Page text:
Posted by Jamie Balkin
We here at Lionbridge onDemand love the little, yellow men from the Despicable Me movies just like everyone else. However, we also love language and have wondered about whether or not the language the Minions speak is real. Here’s what we discovered:
Universal Studios did NOT hire a linguist for the Minions
Reports show that the film’s directors, Pierre Coffin and Chris Renaud, created “Minionese” and recorded some of the voices themselves. Coffin recalled that when initial voicings for Gru’s henchmen weren’t working, he stepped in to give it a go.
“I told [Illumination founder-CEO and producer] Chris Meledandri, ‘Let me make a test. It won’t be an official one; it’s just to show whoever is going to design the voice a way to go.’ When I asked Chris to listen to it, he said, ‘Well, you’re going to be the voice of the minions.’ “In Despicable Me 1 and 2, Coffin dubs the voices for most of the minions in English and many other languages. When creating the language, he purposely took a gibberish approach to the language for comedy.
Does the gibberish have meaning?
If you listen carefully to the language, you may be able to identify words already existing in other languages. Some words are pulled from French, English, Spanish, and Italian. The vocals from this movie were a huge success and audiences around the world fell in love with the minions. Renaud continues with Coffin’s story:
“Their language sounds silly, but when you believe that they’re actually communicating that’s what makes it funnier. What’s great about the Minion language, while it is gibberish, it sounds real because Pierre puts in words from many languages and does the lion’s share of the Minion recordings. There are a lot of food references. For example, ‘poulet tiki masala’ is French for the Indian chicken dish.”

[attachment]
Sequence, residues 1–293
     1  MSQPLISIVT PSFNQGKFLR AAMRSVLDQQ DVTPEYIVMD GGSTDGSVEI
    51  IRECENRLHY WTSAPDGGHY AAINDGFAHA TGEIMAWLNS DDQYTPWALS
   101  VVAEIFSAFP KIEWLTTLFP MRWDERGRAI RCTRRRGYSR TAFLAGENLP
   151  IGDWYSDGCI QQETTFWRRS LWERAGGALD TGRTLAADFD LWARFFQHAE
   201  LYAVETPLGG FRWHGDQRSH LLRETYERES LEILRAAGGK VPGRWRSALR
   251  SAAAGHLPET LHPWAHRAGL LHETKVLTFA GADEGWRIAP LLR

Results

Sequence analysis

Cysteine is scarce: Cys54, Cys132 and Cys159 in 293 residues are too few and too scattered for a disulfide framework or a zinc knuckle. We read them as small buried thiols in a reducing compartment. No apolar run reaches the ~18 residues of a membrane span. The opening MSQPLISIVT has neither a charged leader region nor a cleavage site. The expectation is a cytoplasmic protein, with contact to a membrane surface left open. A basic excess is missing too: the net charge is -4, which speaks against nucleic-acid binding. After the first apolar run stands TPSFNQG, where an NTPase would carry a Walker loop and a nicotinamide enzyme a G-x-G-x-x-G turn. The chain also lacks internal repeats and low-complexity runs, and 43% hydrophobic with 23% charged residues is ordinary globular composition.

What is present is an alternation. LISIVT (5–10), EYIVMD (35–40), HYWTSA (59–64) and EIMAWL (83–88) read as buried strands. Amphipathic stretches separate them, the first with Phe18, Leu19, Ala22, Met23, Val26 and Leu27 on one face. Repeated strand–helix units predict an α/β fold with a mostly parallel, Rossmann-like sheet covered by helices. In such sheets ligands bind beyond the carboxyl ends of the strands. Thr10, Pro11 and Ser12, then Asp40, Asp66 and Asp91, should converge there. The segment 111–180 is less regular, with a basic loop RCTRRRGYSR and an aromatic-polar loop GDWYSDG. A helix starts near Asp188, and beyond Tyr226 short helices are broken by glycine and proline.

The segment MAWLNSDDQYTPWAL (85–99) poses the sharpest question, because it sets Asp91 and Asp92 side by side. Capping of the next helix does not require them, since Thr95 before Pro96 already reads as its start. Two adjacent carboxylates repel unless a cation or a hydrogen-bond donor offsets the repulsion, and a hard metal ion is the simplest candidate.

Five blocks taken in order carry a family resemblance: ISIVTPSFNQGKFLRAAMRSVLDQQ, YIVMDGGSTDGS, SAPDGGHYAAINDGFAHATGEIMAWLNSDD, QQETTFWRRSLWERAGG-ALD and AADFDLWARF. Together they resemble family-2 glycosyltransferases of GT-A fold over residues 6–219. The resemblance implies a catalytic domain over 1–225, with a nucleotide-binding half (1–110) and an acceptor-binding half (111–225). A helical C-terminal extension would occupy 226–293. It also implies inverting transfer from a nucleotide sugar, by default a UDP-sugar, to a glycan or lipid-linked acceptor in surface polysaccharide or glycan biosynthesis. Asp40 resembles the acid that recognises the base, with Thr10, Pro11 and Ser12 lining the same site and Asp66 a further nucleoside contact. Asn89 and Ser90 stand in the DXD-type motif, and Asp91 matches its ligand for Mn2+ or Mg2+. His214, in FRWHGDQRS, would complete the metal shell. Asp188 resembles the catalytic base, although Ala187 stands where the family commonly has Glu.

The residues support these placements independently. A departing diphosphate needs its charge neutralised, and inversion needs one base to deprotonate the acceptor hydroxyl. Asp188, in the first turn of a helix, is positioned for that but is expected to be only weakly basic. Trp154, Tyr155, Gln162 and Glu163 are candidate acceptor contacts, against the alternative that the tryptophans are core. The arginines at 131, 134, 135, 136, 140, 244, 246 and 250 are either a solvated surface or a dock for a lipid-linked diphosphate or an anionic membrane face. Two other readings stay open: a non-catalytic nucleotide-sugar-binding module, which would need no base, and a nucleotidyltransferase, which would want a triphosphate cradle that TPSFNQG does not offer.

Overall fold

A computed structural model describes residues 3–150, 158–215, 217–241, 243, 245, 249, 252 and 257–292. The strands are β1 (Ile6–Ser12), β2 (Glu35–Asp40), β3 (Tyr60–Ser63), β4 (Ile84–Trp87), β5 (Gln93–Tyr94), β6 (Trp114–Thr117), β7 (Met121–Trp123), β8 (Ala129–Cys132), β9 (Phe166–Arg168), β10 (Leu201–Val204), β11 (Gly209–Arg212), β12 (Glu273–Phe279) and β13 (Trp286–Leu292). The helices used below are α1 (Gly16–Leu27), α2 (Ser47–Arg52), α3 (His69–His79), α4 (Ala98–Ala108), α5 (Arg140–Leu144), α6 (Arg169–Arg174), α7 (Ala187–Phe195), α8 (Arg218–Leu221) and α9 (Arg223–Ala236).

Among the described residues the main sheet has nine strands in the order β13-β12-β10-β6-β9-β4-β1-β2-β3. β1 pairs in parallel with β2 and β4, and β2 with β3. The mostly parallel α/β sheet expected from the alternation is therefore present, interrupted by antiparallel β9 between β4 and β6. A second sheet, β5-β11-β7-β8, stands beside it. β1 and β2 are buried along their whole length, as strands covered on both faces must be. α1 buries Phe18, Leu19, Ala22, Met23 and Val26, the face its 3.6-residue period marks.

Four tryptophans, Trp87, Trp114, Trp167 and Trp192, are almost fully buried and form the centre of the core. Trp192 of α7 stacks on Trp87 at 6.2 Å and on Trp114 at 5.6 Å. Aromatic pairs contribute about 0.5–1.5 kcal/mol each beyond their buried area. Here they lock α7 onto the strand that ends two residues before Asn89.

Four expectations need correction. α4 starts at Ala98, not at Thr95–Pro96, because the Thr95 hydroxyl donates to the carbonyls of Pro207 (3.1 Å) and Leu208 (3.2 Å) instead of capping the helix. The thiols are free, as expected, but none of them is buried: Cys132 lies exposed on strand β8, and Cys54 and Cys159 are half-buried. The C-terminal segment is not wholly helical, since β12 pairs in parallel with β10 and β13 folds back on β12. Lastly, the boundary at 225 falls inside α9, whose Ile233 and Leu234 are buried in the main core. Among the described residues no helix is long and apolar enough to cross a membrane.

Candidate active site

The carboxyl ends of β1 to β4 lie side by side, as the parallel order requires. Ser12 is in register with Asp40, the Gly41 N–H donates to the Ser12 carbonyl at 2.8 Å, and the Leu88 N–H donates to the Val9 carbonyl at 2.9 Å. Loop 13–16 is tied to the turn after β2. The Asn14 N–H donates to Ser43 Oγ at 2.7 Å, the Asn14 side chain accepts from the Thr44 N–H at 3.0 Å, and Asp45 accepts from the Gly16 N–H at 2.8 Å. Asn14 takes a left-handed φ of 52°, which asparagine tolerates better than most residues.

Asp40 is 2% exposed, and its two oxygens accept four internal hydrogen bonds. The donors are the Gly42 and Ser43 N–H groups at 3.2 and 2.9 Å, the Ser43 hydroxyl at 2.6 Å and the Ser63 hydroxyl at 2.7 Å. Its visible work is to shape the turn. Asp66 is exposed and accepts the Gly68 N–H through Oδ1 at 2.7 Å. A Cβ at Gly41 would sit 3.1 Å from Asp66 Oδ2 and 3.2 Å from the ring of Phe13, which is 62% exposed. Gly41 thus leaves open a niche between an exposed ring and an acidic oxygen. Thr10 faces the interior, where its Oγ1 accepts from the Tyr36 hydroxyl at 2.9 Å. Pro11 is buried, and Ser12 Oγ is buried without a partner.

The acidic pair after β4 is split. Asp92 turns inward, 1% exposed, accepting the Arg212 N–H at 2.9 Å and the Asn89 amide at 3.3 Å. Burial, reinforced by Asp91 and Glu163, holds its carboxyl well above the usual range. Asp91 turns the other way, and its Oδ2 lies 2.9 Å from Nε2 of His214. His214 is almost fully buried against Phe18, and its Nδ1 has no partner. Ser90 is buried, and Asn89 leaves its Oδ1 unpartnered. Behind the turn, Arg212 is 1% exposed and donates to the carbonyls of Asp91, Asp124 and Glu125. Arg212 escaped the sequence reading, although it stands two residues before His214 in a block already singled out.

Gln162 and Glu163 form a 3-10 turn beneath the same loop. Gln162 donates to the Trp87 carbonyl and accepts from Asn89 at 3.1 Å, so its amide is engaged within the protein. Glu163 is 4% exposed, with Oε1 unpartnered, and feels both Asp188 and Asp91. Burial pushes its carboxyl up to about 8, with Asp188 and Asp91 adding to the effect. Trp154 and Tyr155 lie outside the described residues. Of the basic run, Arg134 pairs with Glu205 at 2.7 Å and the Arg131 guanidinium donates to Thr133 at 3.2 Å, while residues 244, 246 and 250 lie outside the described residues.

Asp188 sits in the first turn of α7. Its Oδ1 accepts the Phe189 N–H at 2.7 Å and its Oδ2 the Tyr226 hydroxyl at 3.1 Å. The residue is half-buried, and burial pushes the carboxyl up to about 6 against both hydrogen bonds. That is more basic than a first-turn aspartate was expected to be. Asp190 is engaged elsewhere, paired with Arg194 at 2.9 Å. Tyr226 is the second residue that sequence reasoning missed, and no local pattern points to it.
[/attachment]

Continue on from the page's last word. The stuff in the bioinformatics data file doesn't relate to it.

I personally love the well-known songs parodied in the film such as Boys 2 Men where I swear becomes Underwear, and Copa Cabana turns into Bella Banana and The Beach Boys’ Barbara Ann becomes Ba-ba-ba, Ba-ba-na-na, just to name a few.
Some words translated form Minionese:
Bello! = Hello!
Baboi = Toy
Chasy = Chair
Poopaye! = Goodbye!
Po ka = What?
Kan pai = Cheers!
Tank yu! = Thank you!
Bable = Apple
Pwede na = Can we start?
Me want banana! = I’m hungry!
Gelato = Ice Cream
Luk at tu! = Look at you!
Underwear = I swear
Butt = Butt
Muak Muak = Kiss kiss
Bee Do Bee Do Bee Do! = Fire!
Hana = One
Bi do = I’m sorry
Tulaliloo ti amo! =We love you!
Dul = Two
La Boda = Marriage
Tatata bala tu! = I hate you!
Para tu = For you
Stupa! Stupa! = Stop! Stop!
Director Coffin spontaneously invents new gibberish words for the minions, though Minionese is infused with the occasional real word or phrase borrowed from a legitimate language. However, the familiar yet goofy dialect is part of the minions’ adorably hilarious appeal. Now that the Minions have taken over, it’s funny to think that the most popular children’s blockbusters of the summer is, for all intents and purposes, a foreign language film.
And there you have it, language case-closed.
As they say in Minionese: Poopaye!